Knowth is part of the Newgrange complex at Bru na Boinne, on the banks of the River Boyne in County Meath.  These grand monuments were constructed around 3200BC, which means that they are even older than the more famous sites of Stonehenge in England, and the Pyramids of Giza in Egypt.

The central mound at Knowth was built over five thousand years ago, sometime after Newgrange itself was constructed, and before Dowth. 

The main entrance to the great central mound at Knowth.

The central mound is about as large as Newgrange and contains two passages; the western passage is 34 metres in length, whilst the eastern passage is 40 metres long. It is surrounded by 18 smaller satellite mounds.

Nearly half of all of Ireland’s engraved megalithic stones can be found in just this one site. 261 of Knowth’s stones are decorated with rock art. That amounts to 30% of Western Europe’s ancient  rock art.

Two of the smaller satellite mounds which surround the main central mound at Knowth.

This image shows two of the smaller satellite mounds. Their entrances all face in towards the great central mound. 

In Irish mythology, Knowth is known as Cnoc Buí, or the Hill of Buí. Buí is said to have been married to Lugh, a king of the Tuatha de Danann.

In my book, Conor Kelly and The Four Treasures of Eirean, Conor breaks into the central mound at Knowth with Annalee and  Professor Kilmore-Willows, in order to attempt to steal the Dagda’s cauldron from the eastern passage.

Inside the main central mound at Knowth.

Access to the interior of the mound is prohibited to the general public. However, tours from the Visitor Centre do allow access to the interior of the great mound at Newgrange.

For more information on Knowth and Newgrange,  please click on the following;

If you would like to view an amazing interactive map showing how Knowth relates to all the other Bronze Age and Iron Age sites on the River Boyne, please click here.
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20 Comments on “Knowth

  1. Pingback: Descendant of Divine Hags? | Exploring the UK, Europe and Russia

  2. Pingback: So what did we do in Winter before the Christians invented Christmas? | aliisaacstoryteller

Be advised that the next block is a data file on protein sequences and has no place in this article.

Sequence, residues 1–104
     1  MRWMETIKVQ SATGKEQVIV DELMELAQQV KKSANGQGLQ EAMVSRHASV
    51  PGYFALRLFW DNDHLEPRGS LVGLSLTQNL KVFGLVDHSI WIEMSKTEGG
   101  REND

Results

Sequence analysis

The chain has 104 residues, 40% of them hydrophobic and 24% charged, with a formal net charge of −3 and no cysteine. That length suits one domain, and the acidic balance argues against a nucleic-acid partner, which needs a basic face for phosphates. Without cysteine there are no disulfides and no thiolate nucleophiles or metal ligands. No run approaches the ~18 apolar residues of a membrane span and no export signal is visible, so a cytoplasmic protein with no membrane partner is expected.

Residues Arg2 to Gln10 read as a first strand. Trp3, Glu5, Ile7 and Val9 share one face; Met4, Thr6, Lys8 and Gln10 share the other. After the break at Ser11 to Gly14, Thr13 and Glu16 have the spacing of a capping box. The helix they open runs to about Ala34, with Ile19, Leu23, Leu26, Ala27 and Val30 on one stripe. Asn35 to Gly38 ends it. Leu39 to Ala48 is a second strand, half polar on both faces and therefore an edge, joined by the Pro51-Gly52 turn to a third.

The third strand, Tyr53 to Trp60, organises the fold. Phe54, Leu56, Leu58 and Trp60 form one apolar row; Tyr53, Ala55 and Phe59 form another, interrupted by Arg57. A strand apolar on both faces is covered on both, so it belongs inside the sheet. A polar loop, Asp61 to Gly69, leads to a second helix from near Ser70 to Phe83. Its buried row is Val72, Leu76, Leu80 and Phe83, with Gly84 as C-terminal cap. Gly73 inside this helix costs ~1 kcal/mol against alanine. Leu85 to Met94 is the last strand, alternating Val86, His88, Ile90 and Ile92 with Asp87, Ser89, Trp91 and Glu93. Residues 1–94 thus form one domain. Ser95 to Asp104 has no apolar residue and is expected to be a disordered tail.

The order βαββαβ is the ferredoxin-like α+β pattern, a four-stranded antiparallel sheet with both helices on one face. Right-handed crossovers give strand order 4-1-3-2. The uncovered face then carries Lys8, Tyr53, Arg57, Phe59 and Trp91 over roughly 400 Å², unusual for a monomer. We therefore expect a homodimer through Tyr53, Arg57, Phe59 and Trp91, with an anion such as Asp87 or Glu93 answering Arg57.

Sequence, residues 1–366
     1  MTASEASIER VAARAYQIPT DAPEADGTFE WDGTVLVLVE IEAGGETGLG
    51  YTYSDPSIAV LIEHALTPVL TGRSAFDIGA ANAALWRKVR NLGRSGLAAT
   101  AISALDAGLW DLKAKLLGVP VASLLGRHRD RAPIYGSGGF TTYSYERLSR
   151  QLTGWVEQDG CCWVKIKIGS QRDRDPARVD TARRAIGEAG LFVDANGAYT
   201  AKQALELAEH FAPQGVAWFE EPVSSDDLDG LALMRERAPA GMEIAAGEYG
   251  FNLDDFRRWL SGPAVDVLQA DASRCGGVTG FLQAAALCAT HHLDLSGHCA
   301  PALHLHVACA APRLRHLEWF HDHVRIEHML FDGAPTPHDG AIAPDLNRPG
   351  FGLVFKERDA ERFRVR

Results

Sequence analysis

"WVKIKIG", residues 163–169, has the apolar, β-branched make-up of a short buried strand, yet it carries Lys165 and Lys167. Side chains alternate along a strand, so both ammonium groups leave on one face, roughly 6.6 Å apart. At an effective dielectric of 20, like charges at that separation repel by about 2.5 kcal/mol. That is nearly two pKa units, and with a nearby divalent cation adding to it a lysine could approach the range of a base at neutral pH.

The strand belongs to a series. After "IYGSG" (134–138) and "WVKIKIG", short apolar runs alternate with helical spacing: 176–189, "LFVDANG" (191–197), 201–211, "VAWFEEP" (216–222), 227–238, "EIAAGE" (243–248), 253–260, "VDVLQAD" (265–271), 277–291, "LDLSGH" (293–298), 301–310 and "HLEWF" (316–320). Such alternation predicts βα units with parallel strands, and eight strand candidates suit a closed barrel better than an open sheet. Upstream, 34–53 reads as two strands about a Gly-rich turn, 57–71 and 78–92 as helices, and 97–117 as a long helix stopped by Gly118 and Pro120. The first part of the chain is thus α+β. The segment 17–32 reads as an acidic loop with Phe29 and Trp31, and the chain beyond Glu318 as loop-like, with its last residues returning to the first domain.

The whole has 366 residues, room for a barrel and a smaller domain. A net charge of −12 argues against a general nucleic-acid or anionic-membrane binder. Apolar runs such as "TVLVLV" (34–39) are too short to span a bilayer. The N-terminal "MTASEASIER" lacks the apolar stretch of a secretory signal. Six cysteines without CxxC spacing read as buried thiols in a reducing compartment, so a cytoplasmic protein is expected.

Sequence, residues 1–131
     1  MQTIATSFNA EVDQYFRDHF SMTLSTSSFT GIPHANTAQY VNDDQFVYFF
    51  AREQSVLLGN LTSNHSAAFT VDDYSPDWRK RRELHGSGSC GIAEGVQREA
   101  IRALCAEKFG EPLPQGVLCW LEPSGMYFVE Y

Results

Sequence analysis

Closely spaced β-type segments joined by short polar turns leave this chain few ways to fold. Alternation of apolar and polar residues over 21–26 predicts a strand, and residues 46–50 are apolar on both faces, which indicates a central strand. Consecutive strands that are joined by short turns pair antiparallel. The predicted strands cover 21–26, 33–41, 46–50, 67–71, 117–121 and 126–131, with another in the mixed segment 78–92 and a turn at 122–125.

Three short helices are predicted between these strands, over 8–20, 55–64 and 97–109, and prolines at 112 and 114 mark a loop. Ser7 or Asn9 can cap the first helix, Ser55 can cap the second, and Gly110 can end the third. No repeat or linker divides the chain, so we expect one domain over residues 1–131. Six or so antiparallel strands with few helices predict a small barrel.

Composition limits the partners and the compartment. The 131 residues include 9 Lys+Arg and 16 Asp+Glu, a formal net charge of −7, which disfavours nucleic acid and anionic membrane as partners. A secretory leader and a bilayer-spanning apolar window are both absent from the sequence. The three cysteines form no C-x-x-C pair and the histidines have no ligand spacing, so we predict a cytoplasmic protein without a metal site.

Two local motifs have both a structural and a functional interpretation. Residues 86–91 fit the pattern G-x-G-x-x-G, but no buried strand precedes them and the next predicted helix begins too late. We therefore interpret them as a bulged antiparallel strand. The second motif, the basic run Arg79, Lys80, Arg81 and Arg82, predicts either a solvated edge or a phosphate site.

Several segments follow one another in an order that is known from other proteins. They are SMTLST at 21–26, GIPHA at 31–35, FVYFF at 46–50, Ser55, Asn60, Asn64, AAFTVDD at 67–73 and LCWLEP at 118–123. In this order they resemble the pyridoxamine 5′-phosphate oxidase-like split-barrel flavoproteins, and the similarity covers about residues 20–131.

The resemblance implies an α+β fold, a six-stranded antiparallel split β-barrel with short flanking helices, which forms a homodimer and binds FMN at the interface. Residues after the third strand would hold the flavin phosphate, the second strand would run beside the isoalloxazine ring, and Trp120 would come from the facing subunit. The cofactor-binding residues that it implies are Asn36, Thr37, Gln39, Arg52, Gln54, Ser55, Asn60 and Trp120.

3. Lovely pictures, I’ve just finished reading Bending The Boyne by J.S Dunn, a tale about the star watchers who lived ling ago at this place, a fascinating tale and these pictures bring it all to life.


  4. Love this – just read about it in a novel so great to see the photos. Reblogged on BetweenTheLines


  5. Reblogged this on and commented:
    Just read about this in a Kitty Hawk book, so lovely to read this and see the wonderful pictures.


    • Then I hope you fulfil your wish and make it over here one day. Of course I am biased, but Ireland is really one of the world’s rare special places, kind of hiding in full view. Thanks for your comment… I’m glad you liked the post.


  6. Reblogged this on Smorgasbord – Variety is the spice of life and commented:
    memories of a different kind – my husband is Irish and after travelling for work we returned to Ireland for five years before he relocated to Spain. Apart from the rain…. our time in County Meath was wonderful and if you have never visited Ireland I do suggest a trip – whilst Dublin of course is a must there are also some places that celebrate the incredible history of the Irish people going back thousands of years. There was a highly sophisticated culture in the country and it is often overlooked in favour of the stereotypical image of Guinness and Craic….I suggest you follow Ali Isaac as she knows a great deal about the subject.


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